Get free weekly resources from us!
Got it! Would you also like offers and promos from Group?
Thanks, you're all set!
Read in
2 mins

In Praise of Meetings

If you are like most youth ministers, you hate meetings.
And therefore, as often as possible, you avoid them like the plague. For
years, when it came time to ridicule “meetings,” I was the first in line.

But then I stumbled upon a fascinating study that turned my
attitude about meetings upside down. In this a study of winning streaks and
losing streaks (in sports teams and in businesses), the author discovered,

…losing companies are twice as
likely as the winning companies to have reduced the number of management
meetings in the preceding two years….Losers, compared with winners, are nearly
four times as likely to keep information in the hands of a small group that
operates in secrecy behind closed doors, shutting everyone else out (Rosabeth
Moss Kanter, Confidence, p. 99).

The bottom line? Thriving organizations have meetings.

It is easy to have a non-productive, absolute-waste-of-time
meeting. Just try these steps:

  • Make the agenda always loose
    and free-flowing, never written down.
  • Make sure everyone understands
    that questioning an idea will earn the label of mean-spirited and
  • Make a tradition of having
    everyone at the table “report,” even if it means repeating what everyone
    in the group already knows
  • Leave the most important topics
    to the end of the meeting.
  • Mix up dozens of long-range and
    immediate issues in every meeting, always leaving the most important ones
    until the end.

Many ministries remain chronically stuck because they fail
to access the right combination of meetings. In his marvelous book-length
parable, Death
by Meeting
, Patrick Lencioni suggests that thriving organizations need
three distinctly different kinds of meetings:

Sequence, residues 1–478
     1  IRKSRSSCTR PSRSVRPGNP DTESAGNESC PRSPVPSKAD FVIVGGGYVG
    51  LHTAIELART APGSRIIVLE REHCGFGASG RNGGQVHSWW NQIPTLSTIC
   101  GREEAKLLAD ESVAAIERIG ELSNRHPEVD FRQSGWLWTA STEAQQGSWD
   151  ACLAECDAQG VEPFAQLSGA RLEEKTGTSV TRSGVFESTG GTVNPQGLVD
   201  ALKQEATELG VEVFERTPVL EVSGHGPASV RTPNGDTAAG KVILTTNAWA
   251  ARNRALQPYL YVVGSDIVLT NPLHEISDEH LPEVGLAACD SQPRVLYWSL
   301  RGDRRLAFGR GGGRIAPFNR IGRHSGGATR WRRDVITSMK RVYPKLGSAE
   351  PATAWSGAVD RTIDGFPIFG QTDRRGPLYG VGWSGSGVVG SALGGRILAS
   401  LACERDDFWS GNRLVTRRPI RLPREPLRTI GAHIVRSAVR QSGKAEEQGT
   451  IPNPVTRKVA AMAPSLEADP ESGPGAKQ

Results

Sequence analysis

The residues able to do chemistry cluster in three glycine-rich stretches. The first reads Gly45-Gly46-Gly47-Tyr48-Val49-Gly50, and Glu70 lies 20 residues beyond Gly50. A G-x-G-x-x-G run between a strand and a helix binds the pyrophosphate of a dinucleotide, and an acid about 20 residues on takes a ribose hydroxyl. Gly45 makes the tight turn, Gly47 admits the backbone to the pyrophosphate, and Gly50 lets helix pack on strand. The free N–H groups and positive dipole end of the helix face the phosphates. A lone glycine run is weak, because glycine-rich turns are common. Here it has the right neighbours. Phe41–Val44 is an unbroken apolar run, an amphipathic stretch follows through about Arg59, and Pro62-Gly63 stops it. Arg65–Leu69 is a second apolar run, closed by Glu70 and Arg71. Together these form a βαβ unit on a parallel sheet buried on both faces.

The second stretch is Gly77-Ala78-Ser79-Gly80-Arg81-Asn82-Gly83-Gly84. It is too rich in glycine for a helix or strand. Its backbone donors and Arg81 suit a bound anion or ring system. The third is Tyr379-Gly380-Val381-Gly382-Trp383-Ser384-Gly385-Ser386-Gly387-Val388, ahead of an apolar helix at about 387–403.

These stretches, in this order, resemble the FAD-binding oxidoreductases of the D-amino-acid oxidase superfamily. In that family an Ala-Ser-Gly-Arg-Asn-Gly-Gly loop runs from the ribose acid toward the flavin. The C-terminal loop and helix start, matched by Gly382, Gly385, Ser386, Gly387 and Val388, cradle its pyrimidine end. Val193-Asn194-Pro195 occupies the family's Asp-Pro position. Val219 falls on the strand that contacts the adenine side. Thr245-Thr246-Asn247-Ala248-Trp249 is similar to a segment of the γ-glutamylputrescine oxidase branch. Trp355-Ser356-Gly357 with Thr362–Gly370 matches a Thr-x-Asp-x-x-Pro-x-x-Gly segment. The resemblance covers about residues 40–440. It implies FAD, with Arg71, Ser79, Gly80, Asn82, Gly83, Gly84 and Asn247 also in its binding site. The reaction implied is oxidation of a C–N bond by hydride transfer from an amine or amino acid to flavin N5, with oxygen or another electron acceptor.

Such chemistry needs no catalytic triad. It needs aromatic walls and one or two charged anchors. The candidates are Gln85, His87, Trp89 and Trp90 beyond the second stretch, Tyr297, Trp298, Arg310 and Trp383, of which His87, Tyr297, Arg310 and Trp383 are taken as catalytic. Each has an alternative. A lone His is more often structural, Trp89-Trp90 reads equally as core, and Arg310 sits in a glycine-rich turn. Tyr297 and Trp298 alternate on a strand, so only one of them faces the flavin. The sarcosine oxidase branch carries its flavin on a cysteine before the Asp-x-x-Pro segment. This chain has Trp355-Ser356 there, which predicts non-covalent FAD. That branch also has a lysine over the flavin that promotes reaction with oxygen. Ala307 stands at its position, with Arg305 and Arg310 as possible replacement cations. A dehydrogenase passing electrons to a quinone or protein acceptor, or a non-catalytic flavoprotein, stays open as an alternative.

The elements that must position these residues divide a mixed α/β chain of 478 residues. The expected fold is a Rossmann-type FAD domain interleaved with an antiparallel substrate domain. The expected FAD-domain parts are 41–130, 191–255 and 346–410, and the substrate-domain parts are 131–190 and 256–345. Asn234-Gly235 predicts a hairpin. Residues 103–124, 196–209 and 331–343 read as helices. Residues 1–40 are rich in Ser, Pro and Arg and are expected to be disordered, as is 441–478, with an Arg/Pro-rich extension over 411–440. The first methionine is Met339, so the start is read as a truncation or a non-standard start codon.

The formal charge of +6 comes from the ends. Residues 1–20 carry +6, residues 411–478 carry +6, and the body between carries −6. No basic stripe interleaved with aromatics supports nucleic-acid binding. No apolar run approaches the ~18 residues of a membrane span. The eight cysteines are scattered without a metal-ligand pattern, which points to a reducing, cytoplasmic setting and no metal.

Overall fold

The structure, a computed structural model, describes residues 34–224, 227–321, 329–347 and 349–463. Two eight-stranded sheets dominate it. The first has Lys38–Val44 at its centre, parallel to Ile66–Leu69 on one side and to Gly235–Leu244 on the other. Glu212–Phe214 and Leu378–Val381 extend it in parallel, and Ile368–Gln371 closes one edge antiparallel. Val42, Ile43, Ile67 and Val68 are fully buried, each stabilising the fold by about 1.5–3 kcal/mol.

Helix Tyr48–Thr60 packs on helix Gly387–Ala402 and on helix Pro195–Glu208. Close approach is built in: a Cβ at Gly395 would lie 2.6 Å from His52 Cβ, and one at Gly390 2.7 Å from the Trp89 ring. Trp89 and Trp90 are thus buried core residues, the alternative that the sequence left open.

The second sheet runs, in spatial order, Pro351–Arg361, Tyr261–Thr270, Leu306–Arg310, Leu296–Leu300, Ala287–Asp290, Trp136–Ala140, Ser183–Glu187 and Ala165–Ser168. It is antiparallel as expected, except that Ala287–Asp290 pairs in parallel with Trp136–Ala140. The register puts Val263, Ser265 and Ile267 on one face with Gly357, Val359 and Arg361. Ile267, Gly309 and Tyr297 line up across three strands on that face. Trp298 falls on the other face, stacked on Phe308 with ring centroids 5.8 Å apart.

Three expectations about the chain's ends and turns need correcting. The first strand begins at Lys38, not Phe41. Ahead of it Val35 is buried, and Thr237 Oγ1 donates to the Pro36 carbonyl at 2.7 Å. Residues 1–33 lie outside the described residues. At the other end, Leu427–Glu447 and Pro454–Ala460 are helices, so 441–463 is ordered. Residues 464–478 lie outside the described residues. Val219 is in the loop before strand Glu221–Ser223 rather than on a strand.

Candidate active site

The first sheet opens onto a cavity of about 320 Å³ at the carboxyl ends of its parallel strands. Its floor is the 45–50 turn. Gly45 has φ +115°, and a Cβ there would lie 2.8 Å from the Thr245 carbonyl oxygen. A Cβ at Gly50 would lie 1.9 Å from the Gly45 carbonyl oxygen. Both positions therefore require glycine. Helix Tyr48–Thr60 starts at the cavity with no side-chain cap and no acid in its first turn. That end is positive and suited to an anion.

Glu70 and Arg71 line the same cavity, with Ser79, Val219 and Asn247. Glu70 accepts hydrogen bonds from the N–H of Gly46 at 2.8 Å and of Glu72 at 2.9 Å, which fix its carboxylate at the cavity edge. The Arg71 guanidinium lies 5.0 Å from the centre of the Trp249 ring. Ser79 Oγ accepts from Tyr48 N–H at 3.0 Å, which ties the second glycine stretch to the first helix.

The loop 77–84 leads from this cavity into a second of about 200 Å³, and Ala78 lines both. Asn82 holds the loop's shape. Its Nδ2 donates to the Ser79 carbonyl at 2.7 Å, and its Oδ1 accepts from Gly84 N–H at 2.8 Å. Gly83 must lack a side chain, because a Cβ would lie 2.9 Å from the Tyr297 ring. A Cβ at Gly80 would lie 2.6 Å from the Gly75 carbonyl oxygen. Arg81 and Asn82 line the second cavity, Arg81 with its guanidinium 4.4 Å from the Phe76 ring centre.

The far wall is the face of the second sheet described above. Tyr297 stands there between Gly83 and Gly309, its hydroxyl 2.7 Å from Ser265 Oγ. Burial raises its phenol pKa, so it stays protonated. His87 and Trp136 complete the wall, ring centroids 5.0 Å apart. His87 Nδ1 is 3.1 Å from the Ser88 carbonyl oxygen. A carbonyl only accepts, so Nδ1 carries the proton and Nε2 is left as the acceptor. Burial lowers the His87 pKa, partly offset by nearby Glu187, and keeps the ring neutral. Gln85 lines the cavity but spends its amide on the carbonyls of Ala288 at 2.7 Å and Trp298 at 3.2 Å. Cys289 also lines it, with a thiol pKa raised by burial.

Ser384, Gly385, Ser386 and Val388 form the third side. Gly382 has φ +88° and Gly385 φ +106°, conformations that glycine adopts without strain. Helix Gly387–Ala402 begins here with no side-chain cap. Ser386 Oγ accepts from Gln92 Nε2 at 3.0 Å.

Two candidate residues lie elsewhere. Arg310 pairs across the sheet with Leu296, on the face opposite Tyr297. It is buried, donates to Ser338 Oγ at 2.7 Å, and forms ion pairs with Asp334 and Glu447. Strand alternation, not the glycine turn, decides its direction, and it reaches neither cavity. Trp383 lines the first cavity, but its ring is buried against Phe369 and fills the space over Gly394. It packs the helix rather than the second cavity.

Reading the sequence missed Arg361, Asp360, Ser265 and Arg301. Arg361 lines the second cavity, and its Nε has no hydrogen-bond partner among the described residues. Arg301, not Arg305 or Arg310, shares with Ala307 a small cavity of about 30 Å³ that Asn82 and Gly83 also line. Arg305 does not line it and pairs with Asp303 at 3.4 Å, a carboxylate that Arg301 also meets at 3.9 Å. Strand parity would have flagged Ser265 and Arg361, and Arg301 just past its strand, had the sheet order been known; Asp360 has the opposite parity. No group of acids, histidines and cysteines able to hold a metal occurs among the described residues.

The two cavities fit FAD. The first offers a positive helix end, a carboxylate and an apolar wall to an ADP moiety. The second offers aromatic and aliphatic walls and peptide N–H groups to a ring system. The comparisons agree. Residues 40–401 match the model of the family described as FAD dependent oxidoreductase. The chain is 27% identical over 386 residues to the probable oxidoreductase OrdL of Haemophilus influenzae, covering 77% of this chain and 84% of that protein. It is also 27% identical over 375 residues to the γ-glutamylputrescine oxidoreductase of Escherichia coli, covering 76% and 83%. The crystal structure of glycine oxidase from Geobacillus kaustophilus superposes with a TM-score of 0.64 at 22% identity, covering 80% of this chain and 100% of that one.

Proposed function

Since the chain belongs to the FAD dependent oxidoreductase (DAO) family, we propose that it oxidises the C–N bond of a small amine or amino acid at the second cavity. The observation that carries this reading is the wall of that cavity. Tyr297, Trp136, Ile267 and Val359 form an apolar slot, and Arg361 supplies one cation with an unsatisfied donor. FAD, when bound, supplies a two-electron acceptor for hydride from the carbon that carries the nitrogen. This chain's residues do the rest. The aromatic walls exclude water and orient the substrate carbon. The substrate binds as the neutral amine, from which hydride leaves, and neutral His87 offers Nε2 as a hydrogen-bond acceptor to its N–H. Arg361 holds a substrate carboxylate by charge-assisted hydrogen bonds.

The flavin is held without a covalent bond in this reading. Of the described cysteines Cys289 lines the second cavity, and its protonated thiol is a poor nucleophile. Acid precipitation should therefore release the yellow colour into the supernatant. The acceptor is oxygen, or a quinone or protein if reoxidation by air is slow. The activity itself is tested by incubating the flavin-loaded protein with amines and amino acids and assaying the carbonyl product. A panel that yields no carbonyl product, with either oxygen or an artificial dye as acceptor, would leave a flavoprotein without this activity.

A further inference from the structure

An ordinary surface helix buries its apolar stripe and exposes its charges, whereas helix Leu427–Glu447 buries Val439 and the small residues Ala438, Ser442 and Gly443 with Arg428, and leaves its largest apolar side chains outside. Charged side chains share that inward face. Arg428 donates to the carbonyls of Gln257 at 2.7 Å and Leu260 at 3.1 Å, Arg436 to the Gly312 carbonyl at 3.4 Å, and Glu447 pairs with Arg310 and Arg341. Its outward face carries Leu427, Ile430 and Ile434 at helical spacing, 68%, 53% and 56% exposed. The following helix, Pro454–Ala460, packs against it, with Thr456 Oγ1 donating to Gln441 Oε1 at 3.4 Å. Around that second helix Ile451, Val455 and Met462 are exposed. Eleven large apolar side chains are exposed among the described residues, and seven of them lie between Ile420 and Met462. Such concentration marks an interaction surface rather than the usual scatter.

1) Daily Stand up Meetings (5 minutes)–Standing up
ensures brevity; meeting daily ensures accountability. Ordinarily, it is not possible
to pull a team of volunteers together daily, but an everyday check-in over the
phone or through email has a way of keeping the team clearly encouraged and on
the same track.

2) Weekly Tactical Meetings (1-1.5 hours)–These are the
meetings that keep the team focused on its immediate concerns, clarifying and
troubleshooting the tasks that require the sharing of information and
coordination of effort.

3) Monthly Strategic Meetings (2-8 Hours)–This is the one
meeting most often omitted from the calendar. But it is the one (and only)
meetings that actually leverages ministries forward. Exclusively focused on
long-term priorities, these meetings take out the battering ram again the
gnarly issues that are keeping the youth ministry from moving forward. In these
meetings, month after month, the team keeps banging away until something
cracks. My next column will focus exclusively on these kinds of meetings.

If we hope to push through the obstacles that have been
resistant to our normal strategies, we will need more than a patchwork
collection of ideas implemented in unpredictable episodes by passionate people
working in isolation. We will need the power of a team pulling together in a
unified, crystal clear direction. And to get a team to succeed in the game of
high-leverage transformation almost always requires time together…in meetings.

Mark DeVries is the founder and president of Youth Ministry
Architects, a
youth ministry consulting team that assists churches in building sustainable,
deep-impact youth ministry…one church at a time.

Leave a Reply

Your email address will not be published. Required fields are marked *

In Praise of Meetings

Get free weekly resources from us!
Get free weekly resources from us!
Got it! Would you also like offers and promos from Group?
Thanks, you're all set!